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The Fed has these stocks seeing red

As investors eye a December rate hike, one group of stocks could be in real trouble.

The S&P 500 utilities sector has been the worst-performing sector of late, losing almost 6 percent in one month. Since utilities stocks pay high dividends, they are particularly sensitive to rising interest rates. And as more traders begin to expect a move from the Federal Reserve next month, Gina Sanchez of Chantico Global said this is only the start of a sell-off in utilities.

"The market is clearly pricing [a rate hike] in. We've gone from a 50-50 expectation to 60, now 70 percent expectation priced into the Fed funds futures markets, which basically says this has now become a foregone conclusion in the markets," Sanchez said Tuesday on CNBC's "Power Lunch."

Markets have seen the probability of such a decision increase following less-dovish rhetoric from Fed officials and a strong October jobs report.

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However, Sanchez said it isn't time to write off utilities stocks quite yet.

"The question at the end of the day is, are they going to pay you more than bonds will? I think they're probably going to continue paying more," she said. "They're paying well over 3.5 percent, 3.6 percent, that's a pretty hefty dividend yield. And so I do think it will be awhile before bonds are going to get over that."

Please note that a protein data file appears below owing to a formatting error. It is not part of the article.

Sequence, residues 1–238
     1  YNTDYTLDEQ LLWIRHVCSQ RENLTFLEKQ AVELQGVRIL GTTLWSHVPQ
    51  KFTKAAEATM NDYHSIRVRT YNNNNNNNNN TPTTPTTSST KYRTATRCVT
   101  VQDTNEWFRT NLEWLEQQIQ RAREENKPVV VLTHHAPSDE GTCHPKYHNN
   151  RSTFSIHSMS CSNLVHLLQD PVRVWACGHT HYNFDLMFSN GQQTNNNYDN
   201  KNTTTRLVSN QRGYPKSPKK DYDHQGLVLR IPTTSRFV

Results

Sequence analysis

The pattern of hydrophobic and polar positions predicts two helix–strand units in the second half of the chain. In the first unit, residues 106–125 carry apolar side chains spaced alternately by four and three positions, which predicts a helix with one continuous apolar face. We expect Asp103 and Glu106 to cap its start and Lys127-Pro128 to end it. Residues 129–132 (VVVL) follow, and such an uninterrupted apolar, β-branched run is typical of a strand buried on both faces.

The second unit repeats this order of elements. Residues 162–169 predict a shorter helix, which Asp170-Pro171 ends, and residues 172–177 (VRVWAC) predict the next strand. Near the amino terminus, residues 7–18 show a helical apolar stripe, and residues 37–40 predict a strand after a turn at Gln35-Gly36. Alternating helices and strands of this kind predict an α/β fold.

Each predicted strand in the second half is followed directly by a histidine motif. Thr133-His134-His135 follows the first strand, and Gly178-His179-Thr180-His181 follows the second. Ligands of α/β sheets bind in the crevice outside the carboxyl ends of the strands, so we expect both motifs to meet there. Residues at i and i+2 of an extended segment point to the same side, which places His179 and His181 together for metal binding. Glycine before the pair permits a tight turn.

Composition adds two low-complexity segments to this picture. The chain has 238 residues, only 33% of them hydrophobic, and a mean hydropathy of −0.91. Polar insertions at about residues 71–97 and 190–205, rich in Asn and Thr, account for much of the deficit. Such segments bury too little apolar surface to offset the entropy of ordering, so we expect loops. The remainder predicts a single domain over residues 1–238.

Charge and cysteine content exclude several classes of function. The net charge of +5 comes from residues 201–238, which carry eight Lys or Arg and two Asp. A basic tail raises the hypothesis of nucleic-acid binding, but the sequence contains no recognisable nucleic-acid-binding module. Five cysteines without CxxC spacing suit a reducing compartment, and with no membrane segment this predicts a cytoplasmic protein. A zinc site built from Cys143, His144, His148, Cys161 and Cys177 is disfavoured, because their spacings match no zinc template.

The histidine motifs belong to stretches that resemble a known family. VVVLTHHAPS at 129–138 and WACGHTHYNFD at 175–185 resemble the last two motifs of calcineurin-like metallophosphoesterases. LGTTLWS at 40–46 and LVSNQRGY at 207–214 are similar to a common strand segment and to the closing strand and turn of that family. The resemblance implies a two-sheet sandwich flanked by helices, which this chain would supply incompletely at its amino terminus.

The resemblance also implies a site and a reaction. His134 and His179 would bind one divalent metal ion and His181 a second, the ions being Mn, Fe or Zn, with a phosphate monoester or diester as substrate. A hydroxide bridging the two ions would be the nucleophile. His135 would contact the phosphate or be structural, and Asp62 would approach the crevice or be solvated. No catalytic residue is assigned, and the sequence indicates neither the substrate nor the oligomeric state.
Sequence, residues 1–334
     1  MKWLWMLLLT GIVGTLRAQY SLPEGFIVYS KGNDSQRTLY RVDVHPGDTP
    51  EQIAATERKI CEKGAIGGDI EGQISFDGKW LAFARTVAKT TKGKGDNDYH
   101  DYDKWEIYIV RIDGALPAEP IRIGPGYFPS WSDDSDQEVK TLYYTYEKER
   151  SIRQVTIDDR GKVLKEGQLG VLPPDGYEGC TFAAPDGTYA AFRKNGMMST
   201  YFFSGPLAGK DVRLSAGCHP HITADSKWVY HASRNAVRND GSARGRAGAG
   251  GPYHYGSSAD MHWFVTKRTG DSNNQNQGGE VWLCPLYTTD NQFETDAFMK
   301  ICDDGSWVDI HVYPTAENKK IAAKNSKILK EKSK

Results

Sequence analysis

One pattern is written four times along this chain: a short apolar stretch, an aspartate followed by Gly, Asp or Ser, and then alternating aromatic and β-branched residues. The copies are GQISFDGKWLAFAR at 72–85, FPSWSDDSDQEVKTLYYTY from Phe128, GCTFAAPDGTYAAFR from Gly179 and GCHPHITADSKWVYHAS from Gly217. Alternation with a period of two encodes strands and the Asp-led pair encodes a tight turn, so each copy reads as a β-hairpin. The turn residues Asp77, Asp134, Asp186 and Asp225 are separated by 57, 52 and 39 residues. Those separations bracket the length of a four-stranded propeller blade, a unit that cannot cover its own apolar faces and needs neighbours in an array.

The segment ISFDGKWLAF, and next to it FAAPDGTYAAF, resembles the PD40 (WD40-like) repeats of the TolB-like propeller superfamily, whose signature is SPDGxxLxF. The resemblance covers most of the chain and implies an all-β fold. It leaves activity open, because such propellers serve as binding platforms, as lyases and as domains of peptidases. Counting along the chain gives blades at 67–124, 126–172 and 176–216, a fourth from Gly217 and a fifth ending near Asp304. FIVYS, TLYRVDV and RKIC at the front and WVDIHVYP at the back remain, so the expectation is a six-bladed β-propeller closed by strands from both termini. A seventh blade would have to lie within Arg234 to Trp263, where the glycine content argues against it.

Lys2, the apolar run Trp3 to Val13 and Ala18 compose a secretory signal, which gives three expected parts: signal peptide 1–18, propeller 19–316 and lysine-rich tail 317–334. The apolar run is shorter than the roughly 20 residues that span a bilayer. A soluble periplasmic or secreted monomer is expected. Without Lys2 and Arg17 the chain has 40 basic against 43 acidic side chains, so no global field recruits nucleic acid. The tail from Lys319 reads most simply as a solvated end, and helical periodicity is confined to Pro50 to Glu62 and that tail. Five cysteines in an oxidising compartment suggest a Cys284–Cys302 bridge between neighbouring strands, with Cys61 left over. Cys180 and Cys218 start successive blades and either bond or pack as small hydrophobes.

One name that looks particularly attractive is Duke Energy, said Eddy Elfenbein, editor of the Crossing Wall Street blog. Duke Energy has fallen more than 21 percent year to date, but Elfenbein said the stock could be a good portfolio addition given its high dividend yield.

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"The yield on this is 5 percent, I don't see bonds getting anywhere near this in 2016," he said on "Power Lunch." "You're not going to get the growth of it. Investors shouldn't expect that. But a company like Duke Energy really provides a solid income foundation for a portfolio."

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Trading Nation is a multimedia financial news program that shows investors and traders how to use the news of the day to their advantage. This is where experts from across the financial world – including macro strategists, technical analysts, stock-pickers, and traders who specialize in options, currencies, and fixed income – come together to find the best ways to capitalize on recent developments in the market. Trading Nation: Where headlines become opportunities.

Brian Sullivan

Brian Sullivan is co-anchor of CNBC's "Power Lunch" (M-F,1PM-3PM ET), one of the network's longest running programs, as well as the host of the daily investing program "Trading Nation." He is also a frequent guest on MSNBC's "Morning Joe" and other NBC properties.

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